Notice periods can be reduced if an employee doesn't try hard enough to mitigate damages
By Stuart Rudner
As I discussed last week , the common law concept of notice of dismissal is intended to estimate how long it might take to find new employment. The seminal case on this point, Bardal v. Globe and Mail, states the following:
"There can be no catalogue laid down as to what is reasonable notice in particular classes of cases. The reasonableness of the notice must be decided with reference to each particular case, having regard to the character of the employment, the length of service of the servant, the age of the servant and the availability of similar employment, having regard to the experience, training and qualifications of the servant.”
This quote refers to four distinct factors. Since then, our courts have been quite clear that these are not exhaustive and that there is no limit upon the factors that can be taken into consideration. Three of the core factors are most often considered because they are relatively easily assessed: length of service; age; and position/character of employment.
What about the availability of similar employment? Some courts will mention it, but it is often either ignored or glossed over. However, it is open to the parties to adduce evidence on this point.
The employee could produce evidence of the lack of similar jobs in order to justify a lengthier notice period. This could be particularly relevant where the industry is consolidating or where their employment is very specialized. Conversely, it is open to the employer to provide evidence of similar positions that were available since the time of dismissal in order to demonstrate that it should not have taken the employee long to find new employment. This can actually be relevant in two ways: First, with respect to the availability of similar employment factor and, second, with respect to the employee's mitigation efforts.
Mitigation can be a critical factor, as discussed briefly in my last post. If an employee finds new work, then her potential claim will be reduced. However, if she doesn't make reasonable efforts to do so, then her entitlement can be reduced as well. While the threshold for demonstrating reasonable efforts to mitigate is generally perceived as being low, there are certainly cases where courts will "penalize" an employee for not looking hard enough.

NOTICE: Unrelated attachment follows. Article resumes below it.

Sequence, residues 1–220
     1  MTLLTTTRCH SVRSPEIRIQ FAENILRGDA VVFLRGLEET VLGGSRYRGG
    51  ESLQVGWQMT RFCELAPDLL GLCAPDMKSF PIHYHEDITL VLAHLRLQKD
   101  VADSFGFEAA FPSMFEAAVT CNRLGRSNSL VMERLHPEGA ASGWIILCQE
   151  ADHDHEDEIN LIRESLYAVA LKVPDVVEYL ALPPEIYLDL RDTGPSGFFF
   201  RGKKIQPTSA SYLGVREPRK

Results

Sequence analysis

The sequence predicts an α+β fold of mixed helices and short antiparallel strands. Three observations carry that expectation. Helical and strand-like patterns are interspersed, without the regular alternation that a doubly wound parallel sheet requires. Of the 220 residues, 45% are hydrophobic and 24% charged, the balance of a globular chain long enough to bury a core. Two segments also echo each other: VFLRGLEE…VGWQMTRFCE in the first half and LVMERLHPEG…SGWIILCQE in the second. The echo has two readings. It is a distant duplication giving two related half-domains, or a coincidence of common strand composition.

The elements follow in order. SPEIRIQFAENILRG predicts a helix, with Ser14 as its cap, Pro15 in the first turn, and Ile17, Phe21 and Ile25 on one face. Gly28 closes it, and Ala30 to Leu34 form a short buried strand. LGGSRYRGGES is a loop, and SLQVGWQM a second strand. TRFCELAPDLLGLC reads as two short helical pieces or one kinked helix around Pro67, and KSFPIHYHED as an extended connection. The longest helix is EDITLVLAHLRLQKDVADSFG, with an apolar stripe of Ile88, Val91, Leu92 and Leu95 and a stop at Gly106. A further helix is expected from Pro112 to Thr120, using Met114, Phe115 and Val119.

The evidence on this point is not clear. The Plaintiff has not been successful in obtaining employment in the field in which he was employed, being that of management of Workers’ Compensation Board claims.
However, the court went on to consider the plaintiff's mitigation efforts:
 It is further submitted by the Defendant that since the Plaintiff made his first job application only on July 30, 2012, he had done nothing for an unreasonable four and a half months after being terminated. He has made only ten applications since then and this is too few to be reasonable, says the Defendant.
 In at least one case, he failed to respond to a contact from a prospective employer for ten days. He did not contact any of his former clients. Overall, his efforts have been sporadic and half-hearted.
 One of the cases relied on for this principle is Walter Bustos v. Celestica International Inc., 2005 CanLII 24598 (ON SC), 2005 CanLII 24598 (ON SC) at paras. 37 and 38. The employee claiming unjust dismissal did not commence his job search until 12 weeks after termination. The Court held that the time lapse was unreasonable and reduced the notice to which he would be otherwise entitled by eight weeks.
 With respect to not advising the Defendant’s counsel as to his ongoing job searches, his evidence was that he did not know that this was an obligation. There was no evidence of such an undertaking having been requested.
 He also explained that he was offered a certain settlement by the company, but that it came with a non-disclosure, non-solicitation and non-competition agreement. According to terms of these, he was not to disclose confidential information, approach any of the Defendant’s customers, or engage in any competitive activity for a period of 24 months.
 He was therefore fearful, he said, that if he approached former clients in any way or breached what he considered a fiduciary duty to his former employer, there might be serious repercussions. His fear was based on how the company had acted in a case similar to his.
 His reasoning may not have been entirely correct, but his knowledge of the company set the context for his conclusion, and I accept this explanation for some of the non-activity of which the Defendant complains.
 However, I cannot find that the Plaintiff’s efforts were as whole-heartedly energetic as one might expect. Accordingly, I reduce the notice period from 13 months to 12 months on the basis that while he may have had reason to tread softly, he should have begun his job search sooner.
This does not happen often, but employees should be aware of the possibility. They should meticulously document all efforts to find new work, from formal applications and interviews to informal online searches and discussions. At the same time, employers should keep themselves aware of opportunities that former employees may be qualified for, and document those in order to be in a position to challenge their mitigation efforts.
Stuart Rudner is an HR lawyer and a founding partner of Rudner MacDonald LLP, a Toronto-based firm specializing in Canadian employment law. He provides clients with strategic advice regarding all aspects of the employment relationship, and represents them before courts, mediators and tribunals. He is author of You’re Fired: Just Cause for Dismissal in Canada, published by Carswell. He can be reached at email@example.com. You can also follow him on Twitter @CanadianHRLaw and join his Canadian HR Law Group on LinkedIn.